Fred Zinnemann: The Nun’s Story (1959) and The Sundowners (1960)

     

    ·        
    Mike Nichols: Who’s Afraid of Virginia Woolf? (1966) and *The Graduate
    (1967)

     

    ·        
    Richard Brooks: The Professionals (1966) and In Cold Blood (1967)

     

    ·        
    Sidney Lumet: Dog Day Afternoon (1975) and Network (1976)

     

    ·        
    Woody Allen: *Annie Hall (1977) and Interiors (1978)

     

    ·        
    Steven Spielberg: Raiders of the Lost Ark (1981) and E.T. the
    Extra-Terrestrial (1982)

     

    ·        
    Robert Altman: The Player (1992) and Short Cuts (1993)

     

    ·        
    James Ivory: Howards End (1992) and The Remains of the Day (1993)

     

    ·        
    Ridley Scott: Gladiator (2000) and Black Hawk Down (2001)

     

    ·        
    Clint Eastwood: Mystic River (2003) and *Million Dollar Baby (2004)

     
    35 instances where people got at least two Best Director nominations in a
    row. It’s interesting/important to note that only 7 people from 1970 have been
    nominated in consecutive years. William Wyler has the most consecutive
    nominations with 4 (1939-1942). 15/35 won during their run.

     
    Best Supporting Actor:

     
    Chronological Order:

     

    • Walter Brennan: *The
      Westerner (1940) and Sergeant York (1941)
    • Claude Rains:
      Casablanca (1943) and Mr. Skeffington (1944)
    • Charles Bickford: The
      Farmer’s Daughter (1947) and Johnny Belinda (1948)
    • Jack Palance: Sudden
      Fear (1952) and Shane (1953)
    • Arthur Kennedy: Peyton
      Place (1957) and Some Came Running (1958)
    • Peter Falk: Murder,
      Inc. (1960) and Pocketful of Miracles (1961)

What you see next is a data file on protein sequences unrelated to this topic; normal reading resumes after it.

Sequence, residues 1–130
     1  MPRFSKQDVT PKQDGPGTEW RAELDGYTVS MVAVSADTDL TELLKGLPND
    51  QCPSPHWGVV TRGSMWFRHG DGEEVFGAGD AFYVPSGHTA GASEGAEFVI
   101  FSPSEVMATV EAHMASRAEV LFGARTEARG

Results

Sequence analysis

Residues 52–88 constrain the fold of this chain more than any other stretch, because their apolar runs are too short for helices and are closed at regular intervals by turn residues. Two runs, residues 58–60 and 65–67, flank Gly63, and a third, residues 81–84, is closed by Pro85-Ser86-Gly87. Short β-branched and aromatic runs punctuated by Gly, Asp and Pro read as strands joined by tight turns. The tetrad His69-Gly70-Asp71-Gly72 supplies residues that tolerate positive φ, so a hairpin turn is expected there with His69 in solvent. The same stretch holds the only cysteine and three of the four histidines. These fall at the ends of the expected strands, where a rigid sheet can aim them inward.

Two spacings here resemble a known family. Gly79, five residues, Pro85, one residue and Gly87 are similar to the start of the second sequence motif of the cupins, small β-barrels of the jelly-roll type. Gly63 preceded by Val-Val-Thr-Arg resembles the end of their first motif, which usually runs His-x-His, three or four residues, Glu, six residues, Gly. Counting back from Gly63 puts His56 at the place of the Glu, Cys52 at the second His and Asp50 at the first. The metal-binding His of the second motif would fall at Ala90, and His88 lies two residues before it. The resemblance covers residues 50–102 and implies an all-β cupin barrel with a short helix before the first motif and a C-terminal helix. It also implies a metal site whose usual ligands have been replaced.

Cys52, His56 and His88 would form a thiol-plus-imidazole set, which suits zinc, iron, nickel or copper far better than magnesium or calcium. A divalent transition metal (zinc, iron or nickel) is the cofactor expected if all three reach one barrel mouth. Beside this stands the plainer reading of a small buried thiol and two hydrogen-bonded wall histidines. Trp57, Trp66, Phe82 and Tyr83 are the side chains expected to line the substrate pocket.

• Burgess Meredith: The
      Day of the Locust (1975) and Rocky (1976)
    • Jason Robards: *All the
      President’s Men (1976) and *Julia (1977)
    • Charles Durning: The
      Best Little Whorehouse in Texas (1982) and To Be or Not to Be (1983)
    • John Lithgow: The World
      According to Garp (1982) and Terms of Endearment (1983)
    • Martin Landau:
      Tucker-The Man and his Dream (1988) and Crimes and Misdemeanors (1989)
    • Philip Seymour Hoffman:
      Charlie Wilson’s War (2007) and Doubt (2008)

     12 people with two back-to-back nominations (no actor in Oscar history has
    had three Supp. Actor nominations in a row). 2/12 won during their run.

     
    Best Supporting Actress:

     
    Chronological Order:

     

    • Teresa Wright: The
      Little Foxes (1941) and *Mrs. Miniver (1942)
    • Gladys Cooper: Now,
      Voyager (1942) and The Song of Bernadette (1943)
    • Angela Lansbury:
      Gaslight (1944) and The Picture of Dorian Gray (1945)
    • Ethel Barrymore: The
      Spiral Staircase (1946) and The Paradine Case (1947)
    • Celeste Holm: Come to
      the Stable (1949) and All About Eve (1950)
    • Thelma Ritter: All